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EY Price Point: Global oil and gas market outlook Q4 2018

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A range of upside forces have shifted market sentiment and some parties are talking of $90, or even $100/bbl oil in the short to medium term. Our insights on the outlook for the global oil price in Q4 2018.

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EY Price Point: Global oil and gas market outlook Q4 2018

  1. 1. EY Price Point: Global oil and gas market outlook Q4 | October 2018
  2. 2. Page 2 Q4 | October 2018 EY Price Point: global oil and gas market outlookPage 2 Gary Donald Andy Brogan EY Global Oil & Gas EY Global Oil & Gas Assurance Leader Transaction Advisory Services Leader gdonald@uk.ey.com abrogan@uk.ey.com Q4 overview It would be fair to say that the third quarter of 2018 was an inflection point. A range of upside forces have shifted market sentiment and some parties are talking of $90, or even $100/bbl oil in the short to medium term. The longevity of these forces will determine whether the factors driving the recent spike in prices sustain. In contrast, the long term view on oil prices remains relatively unchanged as uncertainty around the impact of decarbonization policies and uptake of electric vehicles remains.
  3. 3. Page 3 Q4 | October 2018 EY Price Point: global oil and gas market outlookPage 3 The theme for this quarter is reset. Oil markets have come to the realization that the impact of geopolitical factors, strong demand growth and OPEC production discipline cannot be offset by US shale alone. OECD stocks sit at 91 days. The last time we saw similar levels, Brent was trading at prices in excess of $100/bbl. However, questions remain over the longevity of recent upside forces. ? Q4 theme ► Will OPEC and Russia continue to ignore calls to increase output? ► Is demand growth sustainable in a higher oil price environment? ► Will Iranian exports decline further in November once US sanctions become effective? ► Will North American supply growth continue to slow in the fourth quarter?
  4. 4. Page 4 Page 4 Q4 | October 2018 EY Price Point: global oil and gas market outlook The gas market is rapidly shifting from a prolonged supply glut to an impending shortfall. The market has absorbed the additional capacity brought online. China’s booming demand is constrained only by inadequate infrastructure. The pendulum of investment could well be swinging back to gas. OECD stocks continue their decline Stocks of crude oil and refined products provide a buffer against rising prices and price volatility. The length and severity of the most recent downturn was emphasised by inflated stocks. OPEC policy was to reduce stock levels to the five year average. That goal has now been met and stocks continue to fall. Trends Iranian exports of crude oil and condensate fell by 0.6mmbbl/d (28%) in August. Cargoes to South Korea have stopped whilst those to India declined by 70%. For now, Chinese imports have remained relatively resilient. With US sanctions on Iran effective from November, the coming months will be telling. US sanctions on Iran begin to bite Gas demand to the rescue There has long been questions over the returns generated by North American shale, while export capacity added further pressure in the quarter. Slowing growth in North American output was unable to offset the impact of demand growth and falling OPEC output in the third quarter. North American production flat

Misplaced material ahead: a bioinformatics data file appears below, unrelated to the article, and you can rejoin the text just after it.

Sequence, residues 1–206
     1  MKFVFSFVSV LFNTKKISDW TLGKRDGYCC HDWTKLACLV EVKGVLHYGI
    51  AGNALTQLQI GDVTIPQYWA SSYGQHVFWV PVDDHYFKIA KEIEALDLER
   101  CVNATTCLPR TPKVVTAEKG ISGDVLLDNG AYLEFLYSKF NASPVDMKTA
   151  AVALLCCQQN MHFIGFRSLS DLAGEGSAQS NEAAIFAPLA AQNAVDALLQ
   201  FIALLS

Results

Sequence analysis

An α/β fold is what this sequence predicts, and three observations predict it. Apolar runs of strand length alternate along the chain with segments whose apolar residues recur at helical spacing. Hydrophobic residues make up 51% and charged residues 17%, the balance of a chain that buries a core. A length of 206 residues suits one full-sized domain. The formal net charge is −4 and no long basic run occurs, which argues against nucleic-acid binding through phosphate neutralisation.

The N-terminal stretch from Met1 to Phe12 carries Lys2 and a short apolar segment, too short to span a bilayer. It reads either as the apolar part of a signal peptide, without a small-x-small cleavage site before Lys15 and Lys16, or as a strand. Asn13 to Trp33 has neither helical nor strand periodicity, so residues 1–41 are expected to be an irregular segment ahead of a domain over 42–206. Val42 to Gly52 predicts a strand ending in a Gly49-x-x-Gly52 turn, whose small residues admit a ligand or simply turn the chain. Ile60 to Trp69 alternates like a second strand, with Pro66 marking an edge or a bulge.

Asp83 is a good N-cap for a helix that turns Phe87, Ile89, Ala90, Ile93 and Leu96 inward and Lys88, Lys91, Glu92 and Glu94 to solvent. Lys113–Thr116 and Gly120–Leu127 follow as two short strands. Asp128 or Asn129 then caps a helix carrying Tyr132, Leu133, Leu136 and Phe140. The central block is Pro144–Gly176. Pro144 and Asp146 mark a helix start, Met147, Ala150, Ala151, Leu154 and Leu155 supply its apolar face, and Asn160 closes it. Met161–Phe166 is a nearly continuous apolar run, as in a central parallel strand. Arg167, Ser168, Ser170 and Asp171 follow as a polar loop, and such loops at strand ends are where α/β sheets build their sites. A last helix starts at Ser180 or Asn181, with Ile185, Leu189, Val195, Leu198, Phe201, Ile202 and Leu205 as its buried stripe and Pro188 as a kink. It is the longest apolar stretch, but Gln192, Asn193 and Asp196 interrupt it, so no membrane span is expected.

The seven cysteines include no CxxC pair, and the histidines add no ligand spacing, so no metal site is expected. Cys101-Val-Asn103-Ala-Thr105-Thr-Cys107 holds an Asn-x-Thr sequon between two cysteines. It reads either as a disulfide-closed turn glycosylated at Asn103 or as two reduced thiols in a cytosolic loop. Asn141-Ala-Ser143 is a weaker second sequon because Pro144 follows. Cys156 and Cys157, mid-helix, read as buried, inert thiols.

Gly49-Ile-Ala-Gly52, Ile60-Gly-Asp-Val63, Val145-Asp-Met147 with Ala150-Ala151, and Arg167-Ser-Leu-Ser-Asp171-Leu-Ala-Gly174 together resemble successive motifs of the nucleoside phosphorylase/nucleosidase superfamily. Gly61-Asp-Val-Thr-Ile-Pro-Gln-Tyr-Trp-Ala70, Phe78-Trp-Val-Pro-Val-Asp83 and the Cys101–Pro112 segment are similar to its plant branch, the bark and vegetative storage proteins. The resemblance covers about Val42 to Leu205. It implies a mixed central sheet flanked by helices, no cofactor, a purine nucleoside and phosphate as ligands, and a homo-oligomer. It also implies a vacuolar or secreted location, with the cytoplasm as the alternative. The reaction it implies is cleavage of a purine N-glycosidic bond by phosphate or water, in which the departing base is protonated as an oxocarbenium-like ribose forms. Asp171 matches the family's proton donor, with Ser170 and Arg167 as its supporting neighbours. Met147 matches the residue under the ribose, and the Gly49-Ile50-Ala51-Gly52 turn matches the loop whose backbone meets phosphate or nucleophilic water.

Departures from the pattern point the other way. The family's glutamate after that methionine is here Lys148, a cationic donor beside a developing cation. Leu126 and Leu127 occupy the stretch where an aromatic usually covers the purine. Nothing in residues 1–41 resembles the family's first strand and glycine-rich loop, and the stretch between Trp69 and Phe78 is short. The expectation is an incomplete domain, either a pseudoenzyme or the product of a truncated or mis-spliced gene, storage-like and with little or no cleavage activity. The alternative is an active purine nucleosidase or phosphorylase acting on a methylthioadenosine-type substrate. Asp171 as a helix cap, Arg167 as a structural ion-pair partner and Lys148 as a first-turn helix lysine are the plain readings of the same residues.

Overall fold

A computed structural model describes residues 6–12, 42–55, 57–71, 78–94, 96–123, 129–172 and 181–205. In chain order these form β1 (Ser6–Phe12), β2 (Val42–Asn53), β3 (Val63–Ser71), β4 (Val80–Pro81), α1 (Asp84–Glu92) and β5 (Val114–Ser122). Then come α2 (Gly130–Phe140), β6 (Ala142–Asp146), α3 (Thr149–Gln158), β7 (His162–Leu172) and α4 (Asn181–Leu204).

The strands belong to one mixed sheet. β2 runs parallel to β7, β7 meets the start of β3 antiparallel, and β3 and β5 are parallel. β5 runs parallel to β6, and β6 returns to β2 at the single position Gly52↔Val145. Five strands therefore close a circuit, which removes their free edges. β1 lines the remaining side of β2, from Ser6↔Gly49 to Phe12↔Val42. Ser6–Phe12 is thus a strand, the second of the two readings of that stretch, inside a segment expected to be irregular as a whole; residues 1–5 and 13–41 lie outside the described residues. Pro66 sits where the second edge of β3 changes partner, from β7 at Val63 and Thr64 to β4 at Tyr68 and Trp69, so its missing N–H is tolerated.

5. 5. Page 5 Page 5 Q4 | October 2018 EY Price Point: global oil and gas market outlook Market fundamentals ► Brent and WTI averaged $75.05 and $69.79 per bbl respectively during the third quarter. The overall impression is that oil prices rose compared to the second quarter. On balance that impression is accurate. However, this is predominantly driven by a late spike in September as Iranian exports fell in advance of US sanctions becoming effective in November. ► Despite calls from President Trump, OPEC declined to announce production increases beyond those agreed in June to compensate for declines in output from Iran and Venezuela. ► The Brent-WTI spread increased significantly towards the end of the quarter as US production growth exceeded that of other markets, placing downward pressure on regional prices. Brent tops US$80/bbl to reach highest level since 2014 Upside forces shift market toward undersupply ► The global oil supply and demand dynamic continues to be dominated by demand growth, OPEC supply decisions and North American production. In previous quarters, OPEC production has remained relatively flat, leaving rising North American output to offset global demand growth. That trend didn’t quite continue in the third quarter as North American output growth slowed, pushing the market further into an undersupply position. ► Rising oil prices and the strength of the US dollar will impact demand for crude from emerging markets. The Indian rupee and Chinese RMB have depreciated significantly against the US dollar in 2018 (12% and 6%, respectively). ► Although frontier regions and mature fields in Africa, Latin America and Asia continue to suffer from natural decline, investment has shown signs of recovery with production from these regions expected to stabilize or even grow in future quarters. 55 60 65 70 75 80 85 7/2/2018 8/2/2018 9/2/2018 $/bbl Brent WTI Source: EIA (1.20) (1.00) (0.80) (0.60) (0.40) (0.20) - Starting balance Demand growth OPEC North America Other End balance millionbarrelsperday Movement to Oversupply Movement to UndersupplySource: IEA oversupply undersupply